Marriage and family therapy is a branch of psychotherapy that focuses primarily on
solving problems within human relationships. The master’s degree prepares and qualifies
students to sit for the national licensing exam and apply for licensure in the state of Oklahoma and most other states or to pursue a
doctoral degree following graduation. OSU offers the only program in Oklahoma with
accreditation from the Commission on Accreditation for Marriage and Family Therapy Education (COAMFTE).
The 60-hour program emphasizes development of clinical skills, self-awareness and
establishing a personalized model of family therapy. Students may choose between a
thesis or non-thesis option (non-thesis includes three additional hours). Due to the
intense nature of the training, students are only admitted for full-time study. It
typically takes 2.5 years to complete all degree requirements, including:
Coursework in human development, marital and family studies, marriage and family therapy,
professionalism and ethics, research and statistics, and supervised practicum
Completion of all clinical requirements with a minimum of 500 hours of direct client
contact (meaning face-to-face with clients), with 200 of those hours being relational
(meaning with couples or families), over the course of at least 12 months.
At least 100 hours of supervision from faculty during clinical training with 50 of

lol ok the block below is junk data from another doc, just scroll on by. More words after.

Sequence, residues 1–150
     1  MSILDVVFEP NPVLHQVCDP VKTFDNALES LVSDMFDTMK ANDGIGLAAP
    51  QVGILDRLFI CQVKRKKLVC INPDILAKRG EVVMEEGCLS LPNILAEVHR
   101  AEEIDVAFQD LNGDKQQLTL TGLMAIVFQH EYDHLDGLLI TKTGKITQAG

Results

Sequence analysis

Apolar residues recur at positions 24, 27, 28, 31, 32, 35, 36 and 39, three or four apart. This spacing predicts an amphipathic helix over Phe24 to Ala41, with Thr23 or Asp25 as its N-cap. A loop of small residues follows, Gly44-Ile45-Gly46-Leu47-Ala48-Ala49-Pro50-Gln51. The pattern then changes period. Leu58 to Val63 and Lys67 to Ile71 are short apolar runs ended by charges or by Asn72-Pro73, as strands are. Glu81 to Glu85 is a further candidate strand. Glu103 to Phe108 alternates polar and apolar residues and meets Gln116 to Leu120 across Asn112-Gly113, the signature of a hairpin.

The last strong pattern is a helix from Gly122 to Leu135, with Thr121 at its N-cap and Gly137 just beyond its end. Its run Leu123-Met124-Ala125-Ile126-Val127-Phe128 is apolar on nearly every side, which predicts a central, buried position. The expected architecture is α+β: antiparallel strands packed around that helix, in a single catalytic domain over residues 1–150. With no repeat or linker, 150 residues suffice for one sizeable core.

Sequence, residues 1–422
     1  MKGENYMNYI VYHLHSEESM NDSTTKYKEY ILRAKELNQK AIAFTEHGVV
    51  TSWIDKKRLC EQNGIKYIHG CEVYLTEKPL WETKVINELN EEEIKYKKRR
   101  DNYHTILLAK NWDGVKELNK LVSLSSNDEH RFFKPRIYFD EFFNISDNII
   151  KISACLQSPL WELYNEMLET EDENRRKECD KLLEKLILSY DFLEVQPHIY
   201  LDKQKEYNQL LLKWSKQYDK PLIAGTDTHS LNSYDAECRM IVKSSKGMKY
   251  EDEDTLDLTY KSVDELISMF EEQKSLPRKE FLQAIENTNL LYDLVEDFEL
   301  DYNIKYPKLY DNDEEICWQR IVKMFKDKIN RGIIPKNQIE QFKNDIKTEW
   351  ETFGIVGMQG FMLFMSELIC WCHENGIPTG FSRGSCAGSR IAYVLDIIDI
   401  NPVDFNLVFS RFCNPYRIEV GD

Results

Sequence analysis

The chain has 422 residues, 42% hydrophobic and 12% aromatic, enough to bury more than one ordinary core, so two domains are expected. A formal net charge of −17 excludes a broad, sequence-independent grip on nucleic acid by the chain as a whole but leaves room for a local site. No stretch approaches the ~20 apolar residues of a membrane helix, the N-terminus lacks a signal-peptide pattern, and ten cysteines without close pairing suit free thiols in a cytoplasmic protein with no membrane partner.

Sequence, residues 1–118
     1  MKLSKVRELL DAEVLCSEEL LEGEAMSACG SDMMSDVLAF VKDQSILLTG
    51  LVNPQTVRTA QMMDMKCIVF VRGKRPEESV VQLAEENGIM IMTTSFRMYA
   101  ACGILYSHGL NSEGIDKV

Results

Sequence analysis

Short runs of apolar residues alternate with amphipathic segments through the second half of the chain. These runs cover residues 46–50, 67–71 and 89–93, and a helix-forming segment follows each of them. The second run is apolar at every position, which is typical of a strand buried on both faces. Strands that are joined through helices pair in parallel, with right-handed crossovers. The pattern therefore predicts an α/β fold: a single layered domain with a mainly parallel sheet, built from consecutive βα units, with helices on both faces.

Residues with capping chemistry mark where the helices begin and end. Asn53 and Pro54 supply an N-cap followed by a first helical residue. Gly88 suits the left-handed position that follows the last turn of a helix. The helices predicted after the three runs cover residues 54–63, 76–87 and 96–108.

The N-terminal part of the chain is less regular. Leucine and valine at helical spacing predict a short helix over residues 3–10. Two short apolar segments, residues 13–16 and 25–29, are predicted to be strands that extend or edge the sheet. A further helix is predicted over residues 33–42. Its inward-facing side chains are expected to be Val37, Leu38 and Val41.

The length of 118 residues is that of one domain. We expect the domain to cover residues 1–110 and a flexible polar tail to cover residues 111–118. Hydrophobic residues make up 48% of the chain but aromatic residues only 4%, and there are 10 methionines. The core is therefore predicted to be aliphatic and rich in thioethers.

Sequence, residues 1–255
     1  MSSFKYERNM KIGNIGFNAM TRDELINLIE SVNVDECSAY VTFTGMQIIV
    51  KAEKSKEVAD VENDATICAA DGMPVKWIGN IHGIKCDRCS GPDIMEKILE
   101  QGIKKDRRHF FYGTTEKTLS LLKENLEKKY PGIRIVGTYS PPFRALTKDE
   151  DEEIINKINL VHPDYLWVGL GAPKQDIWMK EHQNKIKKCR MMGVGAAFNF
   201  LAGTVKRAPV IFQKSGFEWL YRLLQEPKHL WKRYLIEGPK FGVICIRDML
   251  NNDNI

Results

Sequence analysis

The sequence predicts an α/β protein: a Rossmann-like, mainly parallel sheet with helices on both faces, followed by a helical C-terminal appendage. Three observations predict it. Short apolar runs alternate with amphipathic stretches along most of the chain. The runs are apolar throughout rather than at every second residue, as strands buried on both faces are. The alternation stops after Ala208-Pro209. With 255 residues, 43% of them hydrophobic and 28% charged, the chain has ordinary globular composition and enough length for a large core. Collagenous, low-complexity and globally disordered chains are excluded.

those hours including observable data.
Advanced students are assigned an off-campus clinical placement in a community agency
The program runs the state-of-art Center for Family Services, an on-campus clinic where graduate students work toward completing their required
clinical hours under the direct supervision of faculty members.
All marriage and family faculty hold doctoral degrees from COAMFTE-accredited programs
and are American Association of Marriage and Family Therapy approved supervisors.
Students in the MFT program have the opportunity to collaborate on applied research
projects with MFT faculty as well as faculty across the Department of Human Development
and Family Science. Ongoing scholarship efforts of MFT faculty focus on a broad range
of relational topics including, couple relationships, co-parenting, substance abuse,
trauma and intellectual and developmental disabilities.
Applications open on September 1 and are due on December 1 each year. Top applicants
are invited to campus for an all-day interview in February. Eight to twelve students
are admitted to begin study in the fall semester.
To apply to the Master of Science in Human Development and Family Science, option
in Marriage and Family Therapy specialization, submit the following:
Professional Statement : 2-3 double-spaced pages; Address the following questions
and use clear headers for each question:
Why MFT: What specific aspects of MFT are appealing and why?
Future Goals: What are your long-term career goals as an MFT?
Three letters of recommendation
At this time, the Department of Human Development and Family Science is waiving the
GRE test score requirement as part of the application process for fall 2022 admission.
Though not required, applicants may submit GRE scores if available and desired.